such that it represents the mathematical definition of the multilayer network. All the other network classes then inherit the `MultilayerNetwork`

class. Currently, we have the `MultiplexNetwork`

class, which represents multiplex networks as defined in the article. In the article, there were several constraints defined for multiplex networks. Some of these constraints, such as “categorical” and “ordinal” couplings, are also implemented in this library. Instances of `MultiplexNetwork`

that are constrained in this way can be implemented efficiently, and the algorithms dealing with general multilayer networks can take advantage of the information that the network object is constrained.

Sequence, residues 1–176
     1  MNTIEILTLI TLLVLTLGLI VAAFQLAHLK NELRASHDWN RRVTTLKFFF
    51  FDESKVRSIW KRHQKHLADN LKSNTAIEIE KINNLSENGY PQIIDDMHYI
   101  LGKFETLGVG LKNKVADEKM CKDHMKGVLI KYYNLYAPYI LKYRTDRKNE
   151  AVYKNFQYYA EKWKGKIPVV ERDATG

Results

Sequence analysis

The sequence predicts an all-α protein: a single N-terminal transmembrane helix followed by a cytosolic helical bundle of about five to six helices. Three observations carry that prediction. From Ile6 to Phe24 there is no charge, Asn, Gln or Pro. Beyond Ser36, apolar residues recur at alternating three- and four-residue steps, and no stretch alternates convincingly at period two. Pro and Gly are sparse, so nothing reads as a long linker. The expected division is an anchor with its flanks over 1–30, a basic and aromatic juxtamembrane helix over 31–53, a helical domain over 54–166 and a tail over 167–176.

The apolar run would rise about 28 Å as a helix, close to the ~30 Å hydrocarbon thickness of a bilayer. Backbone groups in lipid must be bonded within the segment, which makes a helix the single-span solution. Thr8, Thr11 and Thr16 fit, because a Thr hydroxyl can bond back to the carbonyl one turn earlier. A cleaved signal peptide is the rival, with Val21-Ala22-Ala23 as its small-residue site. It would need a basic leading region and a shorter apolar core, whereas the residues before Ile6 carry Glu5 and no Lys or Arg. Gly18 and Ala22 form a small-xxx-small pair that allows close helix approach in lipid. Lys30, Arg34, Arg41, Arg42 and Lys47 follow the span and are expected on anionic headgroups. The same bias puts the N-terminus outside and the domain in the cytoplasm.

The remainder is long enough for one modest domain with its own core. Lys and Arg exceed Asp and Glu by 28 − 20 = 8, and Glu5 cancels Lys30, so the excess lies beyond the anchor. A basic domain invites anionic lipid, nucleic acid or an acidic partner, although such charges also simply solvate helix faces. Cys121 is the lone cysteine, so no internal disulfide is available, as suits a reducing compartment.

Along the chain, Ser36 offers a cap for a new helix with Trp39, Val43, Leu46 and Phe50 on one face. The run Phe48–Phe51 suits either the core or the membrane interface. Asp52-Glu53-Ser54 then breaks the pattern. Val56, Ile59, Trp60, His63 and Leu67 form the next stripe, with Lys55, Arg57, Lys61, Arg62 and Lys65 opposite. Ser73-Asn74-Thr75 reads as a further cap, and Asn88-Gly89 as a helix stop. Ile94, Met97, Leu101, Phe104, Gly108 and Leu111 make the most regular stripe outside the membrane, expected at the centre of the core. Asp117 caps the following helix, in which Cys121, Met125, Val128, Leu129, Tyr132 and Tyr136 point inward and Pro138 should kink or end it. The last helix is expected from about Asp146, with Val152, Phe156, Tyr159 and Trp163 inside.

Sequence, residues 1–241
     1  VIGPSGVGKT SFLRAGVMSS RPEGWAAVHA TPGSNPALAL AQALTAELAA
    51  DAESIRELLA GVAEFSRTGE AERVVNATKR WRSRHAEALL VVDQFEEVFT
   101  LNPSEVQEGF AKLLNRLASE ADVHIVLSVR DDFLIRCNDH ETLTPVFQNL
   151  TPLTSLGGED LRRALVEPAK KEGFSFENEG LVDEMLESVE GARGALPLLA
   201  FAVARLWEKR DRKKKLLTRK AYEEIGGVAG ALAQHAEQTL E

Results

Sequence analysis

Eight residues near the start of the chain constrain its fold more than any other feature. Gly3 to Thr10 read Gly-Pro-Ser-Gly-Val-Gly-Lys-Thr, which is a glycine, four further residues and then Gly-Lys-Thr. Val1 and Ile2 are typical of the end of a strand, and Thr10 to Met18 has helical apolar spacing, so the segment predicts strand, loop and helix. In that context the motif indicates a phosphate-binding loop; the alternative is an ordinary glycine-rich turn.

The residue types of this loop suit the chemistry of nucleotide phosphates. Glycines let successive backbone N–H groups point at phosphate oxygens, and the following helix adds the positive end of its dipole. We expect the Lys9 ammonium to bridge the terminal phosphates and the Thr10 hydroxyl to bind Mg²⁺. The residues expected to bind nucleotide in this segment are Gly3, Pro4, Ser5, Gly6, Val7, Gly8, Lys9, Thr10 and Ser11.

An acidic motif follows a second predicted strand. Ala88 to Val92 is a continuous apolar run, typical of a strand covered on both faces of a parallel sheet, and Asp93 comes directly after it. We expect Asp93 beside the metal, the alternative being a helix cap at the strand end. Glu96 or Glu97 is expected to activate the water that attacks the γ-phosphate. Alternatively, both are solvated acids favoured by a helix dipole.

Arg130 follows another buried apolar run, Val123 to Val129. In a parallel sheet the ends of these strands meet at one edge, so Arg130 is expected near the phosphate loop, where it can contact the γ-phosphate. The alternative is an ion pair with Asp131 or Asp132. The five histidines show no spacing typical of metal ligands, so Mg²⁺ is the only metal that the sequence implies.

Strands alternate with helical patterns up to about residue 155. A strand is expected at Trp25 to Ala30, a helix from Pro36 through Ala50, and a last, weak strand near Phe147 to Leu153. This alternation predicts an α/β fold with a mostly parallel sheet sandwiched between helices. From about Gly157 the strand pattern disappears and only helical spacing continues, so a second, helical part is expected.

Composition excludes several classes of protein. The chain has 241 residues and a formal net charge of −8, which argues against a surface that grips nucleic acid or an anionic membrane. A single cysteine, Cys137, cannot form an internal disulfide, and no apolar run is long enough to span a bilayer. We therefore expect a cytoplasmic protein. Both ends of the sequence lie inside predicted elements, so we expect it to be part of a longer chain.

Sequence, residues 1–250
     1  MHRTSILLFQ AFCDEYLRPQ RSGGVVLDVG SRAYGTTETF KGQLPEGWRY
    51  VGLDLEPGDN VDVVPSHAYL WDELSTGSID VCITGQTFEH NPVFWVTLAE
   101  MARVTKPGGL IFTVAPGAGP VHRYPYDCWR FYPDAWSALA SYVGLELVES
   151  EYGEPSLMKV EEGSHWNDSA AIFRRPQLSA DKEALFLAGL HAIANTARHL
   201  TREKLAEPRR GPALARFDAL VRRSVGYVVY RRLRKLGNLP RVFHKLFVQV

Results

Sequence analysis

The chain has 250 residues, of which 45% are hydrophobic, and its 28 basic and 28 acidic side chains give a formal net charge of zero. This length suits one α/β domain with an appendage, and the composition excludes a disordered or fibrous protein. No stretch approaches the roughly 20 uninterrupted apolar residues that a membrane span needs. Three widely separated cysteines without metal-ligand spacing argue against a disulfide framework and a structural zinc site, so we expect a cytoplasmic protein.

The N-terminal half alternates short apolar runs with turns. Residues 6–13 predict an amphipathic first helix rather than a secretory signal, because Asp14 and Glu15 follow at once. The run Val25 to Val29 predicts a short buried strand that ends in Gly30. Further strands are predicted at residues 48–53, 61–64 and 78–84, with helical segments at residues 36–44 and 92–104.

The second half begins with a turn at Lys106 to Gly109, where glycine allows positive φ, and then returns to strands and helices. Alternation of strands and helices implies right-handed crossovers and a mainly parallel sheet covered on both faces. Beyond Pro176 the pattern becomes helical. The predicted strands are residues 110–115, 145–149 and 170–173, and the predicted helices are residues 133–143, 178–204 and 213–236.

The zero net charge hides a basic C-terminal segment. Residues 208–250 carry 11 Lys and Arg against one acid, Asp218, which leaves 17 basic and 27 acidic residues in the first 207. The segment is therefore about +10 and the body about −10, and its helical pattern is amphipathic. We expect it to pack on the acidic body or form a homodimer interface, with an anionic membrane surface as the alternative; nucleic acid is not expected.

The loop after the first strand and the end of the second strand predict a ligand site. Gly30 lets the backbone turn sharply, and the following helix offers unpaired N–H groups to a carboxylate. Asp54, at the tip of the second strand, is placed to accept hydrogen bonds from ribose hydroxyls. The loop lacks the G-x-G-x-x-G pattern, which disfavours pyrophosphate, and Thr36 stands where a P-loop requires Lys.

For example, the following code constructs and visualizes a small multiplex social network:

```
from pymnet import *
net_social = MultiplexNetwork(couplings="categorical", fullyInterconnected=False)
net_social["Alice", "Bob", "Friends"] = 1
net_social["Alice", "Carol", "Friends"] = 1
net_social["Bob", "Carol", "Friends"] = 1
net_social["Alice", "Bob", "Married"] = 1
fig_social = draw(net_social, layout="circular", layerPadding=0.2, defaultLayerLabelLoc=(0.9,0.9))
```

Since the network is multiplex, `pymnet`

does not store the dotted (i.e., inter-layer) edges explicitly. Rather, they are generated on the fly when they are needed (e.g., to draw the network) according to the specified coupling rule (here: “categorical”).

## Computational efficiency¶